Using Criticism as a Stepping Stone

Using Criticism as a Stepping Stone

I'd rather be a comma than a full stop~"Every Teardrop is a Waterfall" by Coldplay

About a year or two ago I was talking with some of the kids I used to teach in Sunday school when one of them piped up:  “I don’t remember you teaching that class.”

*cue awkward pause*

For three years, two Sundays per month (we alternate with another pair of teachers) for at least an hour at a stretch, and this kid remembered the person I taught with, but not me.  Talk about how not to make a lasting impression.  (Now I do realize my goal should not be to indelibly imprint myself on these kids’ minds and hearts but to indelibly get God’s Word there.  But the comment still stung.  I am human, after all.)

I found this comment rattling around in my brain this past weekend while I prepared to teach another class. And I believe the Holy Spirit pointed something out to me:  I had been allowing these words to be a stumbling block rather than a stepping stone in my journey.  Instead of taking those words and looking at them as a way to challenge myself to get out my rut(s) as a teacher, I chose at various times to use them as an excuse to not put in the time and effort I had available to me for a lesson. I stopped and moped rather than pausing, reassessing, and correcting course.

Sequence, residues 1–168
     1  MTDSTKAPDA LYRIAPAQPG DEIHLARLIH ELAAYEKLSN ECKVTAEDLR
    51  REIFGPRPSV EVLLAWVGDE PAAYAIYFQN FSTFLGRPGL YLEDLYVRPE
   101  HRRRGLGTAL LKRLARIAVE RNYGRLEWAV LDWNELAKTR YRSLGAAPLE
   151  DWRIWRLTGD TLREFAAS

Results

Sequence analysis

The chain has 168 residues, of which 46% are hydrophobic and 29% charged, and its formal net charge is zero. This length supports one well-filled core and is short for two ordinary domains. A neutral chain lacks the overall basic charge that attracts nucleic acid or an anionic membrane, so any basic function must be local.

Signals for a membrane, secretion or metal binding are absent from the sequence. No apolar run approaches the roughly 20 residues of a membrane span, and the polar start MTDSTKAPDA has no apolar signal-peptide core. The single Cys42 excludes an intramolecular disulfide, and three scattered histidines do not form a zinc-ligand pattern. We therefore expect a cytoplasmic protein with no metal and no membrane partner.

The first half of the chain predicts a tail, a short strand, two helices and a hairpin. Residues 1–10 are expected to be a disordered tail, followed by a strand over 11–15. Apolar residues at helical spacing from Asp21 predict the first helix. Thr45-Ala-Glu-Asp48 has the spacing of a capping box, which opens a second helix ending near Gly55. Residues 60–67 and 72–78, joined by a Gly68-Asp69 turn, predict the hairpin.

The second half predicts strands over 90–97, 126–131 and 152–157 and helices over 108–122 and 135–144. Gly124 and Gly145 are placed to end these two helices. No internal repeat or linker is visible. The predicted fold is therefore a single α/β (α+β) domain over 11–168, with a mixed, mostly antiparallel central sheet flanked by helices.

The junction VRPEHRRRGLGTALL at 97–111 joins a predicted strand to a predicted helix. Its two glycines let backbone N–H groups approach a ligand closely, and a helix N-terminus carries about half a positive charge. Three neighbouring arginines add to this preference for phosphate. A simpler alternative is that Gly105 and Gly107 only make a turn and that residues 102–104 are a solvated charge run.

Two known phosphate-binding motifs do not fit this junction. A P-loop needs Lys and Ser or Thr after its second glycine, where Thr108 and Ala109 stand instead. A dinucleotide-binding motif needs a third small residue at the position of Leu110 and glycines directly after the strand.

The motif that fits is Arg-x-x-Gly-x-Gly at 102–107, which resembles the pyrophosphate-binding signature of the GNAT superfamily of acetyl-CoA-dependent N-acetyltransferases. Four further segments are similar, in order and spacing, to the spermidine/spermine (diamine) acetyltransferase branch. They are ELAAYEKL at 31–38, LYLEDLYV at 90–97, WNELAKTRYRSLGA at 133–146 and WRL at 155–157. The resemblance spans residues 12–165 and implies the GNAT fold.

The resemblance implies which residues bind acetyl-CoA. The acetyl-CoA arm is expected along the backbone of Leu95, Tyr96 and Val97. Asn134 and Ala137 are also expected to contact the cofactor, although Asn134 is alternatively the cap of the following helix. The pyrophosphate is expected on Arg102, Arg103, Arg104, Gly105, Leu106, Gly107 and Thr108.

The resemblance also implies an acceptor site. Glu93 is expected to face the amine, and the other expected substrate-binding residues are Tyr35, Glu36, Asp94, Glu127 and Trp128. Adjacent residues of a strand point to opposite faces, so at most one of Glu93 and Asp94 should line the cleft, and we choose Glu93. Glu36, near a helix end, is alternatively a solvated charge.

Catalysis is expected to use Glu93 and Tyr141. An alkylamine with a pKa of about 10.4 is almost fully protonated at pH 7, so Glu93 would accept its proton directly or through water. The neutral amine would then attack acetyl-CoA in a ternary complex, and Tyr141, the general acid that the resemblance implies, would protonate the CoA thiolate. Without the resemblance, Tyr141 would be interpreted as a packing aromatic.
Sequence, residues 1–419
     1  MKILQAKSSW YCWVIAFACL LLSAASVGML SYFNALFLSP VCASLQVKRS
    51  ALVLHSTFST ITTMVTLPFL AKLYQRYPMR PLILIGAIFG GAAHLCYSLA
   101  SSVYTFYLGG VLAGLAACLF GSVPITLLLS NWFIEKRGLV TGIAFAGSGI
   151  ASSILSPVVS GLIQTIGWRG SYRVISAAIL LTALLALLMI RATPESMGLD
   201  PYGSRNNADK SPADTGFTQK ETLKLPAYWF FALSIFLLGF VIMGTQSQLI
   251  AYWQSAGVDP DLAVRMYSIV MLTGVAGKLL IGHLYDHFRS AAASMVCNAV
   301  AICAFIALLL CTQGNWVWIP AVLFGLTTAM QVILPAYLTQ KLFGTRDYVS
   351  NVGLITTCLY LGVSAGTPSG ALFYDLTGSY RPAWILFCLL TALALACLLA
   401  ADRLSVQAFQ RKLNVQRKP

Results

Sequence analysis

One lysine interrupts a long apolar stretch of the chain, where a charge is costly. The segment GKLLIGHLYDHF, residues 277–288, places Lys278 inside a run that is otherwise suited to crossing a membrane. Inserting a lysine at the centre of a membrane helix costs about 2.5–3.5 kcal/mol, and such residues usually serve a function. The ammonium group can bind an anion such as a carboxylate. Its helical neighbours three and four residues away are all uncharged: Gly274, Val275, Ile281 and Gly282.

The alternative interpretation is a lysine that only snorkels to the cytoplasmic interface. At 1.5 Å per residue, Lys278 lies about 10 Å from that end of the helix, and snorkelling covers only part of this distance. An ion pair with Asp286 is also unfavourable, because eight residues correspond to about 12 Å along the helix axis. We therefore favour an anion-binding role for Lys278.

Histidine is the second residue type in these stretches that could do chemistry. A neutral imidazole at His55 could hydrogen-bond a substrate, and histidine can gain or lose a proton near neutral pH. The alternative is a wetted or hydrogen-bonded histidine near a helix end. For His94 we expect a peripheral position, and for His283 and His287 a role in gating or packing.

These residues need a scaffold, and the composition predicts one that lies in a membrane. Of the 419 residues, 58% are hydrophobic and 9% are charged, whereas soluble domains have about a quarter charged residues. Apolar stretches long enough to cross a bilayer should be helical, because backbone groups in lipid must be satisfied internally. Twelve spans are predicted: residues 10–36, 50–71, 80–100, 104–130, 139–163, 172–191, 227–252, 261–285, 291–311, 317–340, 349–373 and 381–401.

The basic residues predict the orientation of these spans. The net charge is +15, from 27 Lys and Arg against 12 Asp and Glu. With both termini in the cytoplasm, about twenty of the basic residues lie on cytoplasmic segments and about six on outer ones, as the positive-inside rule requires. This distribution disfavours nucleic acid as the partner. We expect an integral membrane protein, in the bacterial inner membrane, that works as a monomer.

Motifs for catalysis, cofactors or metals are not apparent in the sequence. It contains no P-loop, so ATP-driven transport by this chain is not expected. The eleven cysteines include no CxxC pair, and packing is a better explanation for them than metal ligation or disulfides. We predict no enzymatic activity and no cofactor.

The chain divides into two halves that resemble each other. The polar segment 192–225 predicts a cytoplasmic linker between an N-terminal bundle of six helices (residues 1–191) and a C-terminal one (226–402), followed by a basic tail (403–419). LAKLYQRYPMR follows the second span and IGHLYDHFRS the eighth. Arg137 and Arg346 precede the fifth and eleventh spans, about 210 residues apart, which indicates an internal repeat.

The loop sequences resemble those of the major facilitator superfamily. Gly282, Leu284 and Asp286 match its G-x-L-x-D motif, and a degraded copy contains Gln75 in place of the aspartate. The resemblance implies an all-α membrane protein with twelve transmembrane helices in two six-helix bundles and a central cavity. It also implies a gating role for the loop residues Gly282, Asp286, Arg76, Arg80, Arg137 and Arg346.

I also forgot the following admonition (and encouragement) from Paul in his letter to the Colossian church: Work willingly at whatever you do, as though you were working for the Lord rather than for people.  Remember that the Lord will give you an inheritance as your reward, and that the Master you are serving is Christ. ~Colossians 3:23-24 (NLT)

*cue thoughtful pause*

So I have two ways I can go when criticized or critiqued or corrected.  I can stop and mope, never moving any further ahead as I beat myself up for my gaffes and/or list the reasons why such comments are just plain wrong.  Or I can pause and consider what truth lies in those words, then make the necessary changes so I can do (and be) better.  And along the way, may I be a stepping-stone along the pathway for others as they journey towards – and with – Christ.

*Photo Credit: davosmith (Creative Commons)

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